Do remember that you are applying for a working holiday visa and even though the Japanese government would hate to see you penniless in their country, don't find yourself in a situation where the official will ask you why you did not apply for a normal working visa. Divide your stay into three or four periods in different places, just so it looks like you are going to see a bit of the country rather than taking a job in Tokyo and staying there doing ridiculous hours until the time has come to bugger off home.

It is quite important to provide real information about the places where you intend to stay with their real pricing. Room renting, Youth Hostel, B&B, Hotel... it is up to you but write it down. Obviously, nothing forces you to stick to your program; it just has to look like you took the trouble to plan your trip. Personally, I was lucky enough to have friends who proposed me to put me up while I was looking for a place of my own. I wrote down their addresses on the working holiday visa application and mentioned that I would pay XX ¥/month.

One page should be plenty of space to write all of that. Remove the superfluous but do write down the important stuff.

A written reason for applying for a Working Holiday visa typed on A4 paper

Here too, be concise, one page is enough. The main thing is to explain why you have chosen Japan instead of New Zealand, Canada or whatever. This is the place where you have to convince them that your decision was not an impulsive one and that you won't be coming back home to mommy after a month spent in the tough Japanese urban jungle. Whether it is because you are a J-Pop, Anime, fashion, martial arts or Japanese language otaku, show some enthusiasm!

The Japanese embassy in France requires a medical certificate stating that you are healthy.

I have not seen it mentioned on the website of Japanese embassy in the UK (they just say that you have to be healthy) but you might want to ring them to ask, especially given the current irrational panic about the H1N1 flu. Make sure the certificate is recent.

Step 3 - Working holiday visa application submission

Applications are made in person and applicants may be interviewed

I would suggest that you get there early in case you have to make modifications to your application. I was living in Ireland at the time I applied and I did have to fly to Paris to apply in person for the working holiday visa. I saw the dad of a lazy teenager being told off because his son did not take the trouble to come down himself to submit his application. Youths these days... :D If everything goes well, you will have to wait about half an hour to get the answer.


This is what my working holiday visa looks like! Note that the departure date on the "landing permission" part is one year from the date of entry, not the expiry of the visa itself. On the top left is my multiple re-entry permit.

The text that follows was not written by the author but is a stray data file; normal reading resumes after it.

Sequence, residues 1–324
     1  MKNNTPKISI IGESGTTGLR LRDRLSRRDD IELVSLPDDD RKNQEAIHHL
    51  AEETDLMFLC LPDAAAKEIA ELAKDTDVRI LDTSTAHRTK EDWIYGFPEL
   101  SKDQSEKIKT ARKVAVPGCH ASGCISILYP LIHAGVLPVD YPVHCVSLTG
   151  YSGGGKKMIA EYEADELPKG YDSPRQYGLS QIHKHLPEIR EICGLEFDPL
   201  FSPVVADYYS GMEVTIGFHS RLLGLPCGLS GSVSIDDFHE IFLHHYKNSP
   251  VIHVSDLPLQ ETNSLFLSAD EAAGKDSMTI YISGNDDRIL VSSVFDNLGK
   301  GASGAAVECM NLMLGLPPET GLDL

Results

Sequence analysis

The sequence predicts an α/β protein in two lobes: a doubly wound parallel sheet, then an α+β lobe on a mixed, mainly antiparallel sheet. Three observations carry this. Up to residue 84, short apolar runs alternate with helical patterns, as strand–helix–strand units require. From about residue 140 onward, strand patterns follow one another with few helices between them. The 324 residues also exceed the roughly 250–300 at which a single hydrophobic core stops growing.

Step 4 - Yatta ! I got it! What now?

Once issued, the visa is valid for a period of one year, starting when you first set foot in Japan.

I personally had in mind to go to Japan for a few days to attend a wedding between the date when I got the visa and my "real" departure date. It is impossible as your visa will be printed in your passport and it will be stamped immediately as you enter Japan. By the way, do keep in mind that if you were to leave Japan for whatever reason during your stay, you would need a re-entry permit from the Immigration Authorities before leaving Japan in order to be able to come back again under the terms of your Working Holiday visa. A friend of mine forgot this detail... big mistake...

How to find a job in Japan?

There are dozens of websites that display job offers in Japan. If you are not a native English speaker, I would suggest that you take the trouble of sitting the TOIEC or TOEFL exam. Don't be disappointed if you can't get proper leads while applying from aboard. You have much more chances to actually get a job if you apply from within Japan. They basically want to see you, and make sure that you will actually turn up. The working holiday visa is a huge plus for finding a job as it saves the company the hassle of filling out paperwork for getting you a working visa.

Don't hesitate to let me know if you can think of anything else that should appear in this list or in this article! Good luck to all, I hope you will enjoy Japan as much as I do!

To go further:

Review my Life published another excellent article on the topic

Guillaume Erard
Author: Guillaume Erard
A resident of Japan for nearly a decade, Guillaume Erard trains at the Aikikai Hombu Dojo, where he received the 5th Dan from Aikido Doshu Moriteru Ueshiba. He also holds a 3rd Dan in Daito-ryu Aiki-jujutsu, the secretive art that Morihei Ueshiba learned from Sokaku Takeda. Erard is the Information Director of the International Aikido Federation and the Deputy Secretary of International Affairs of the Daito-ryu Aiki-jujutsu Shikoku Headquarters. He is also passionate about science and education and holds a PhD in Molecular Biology.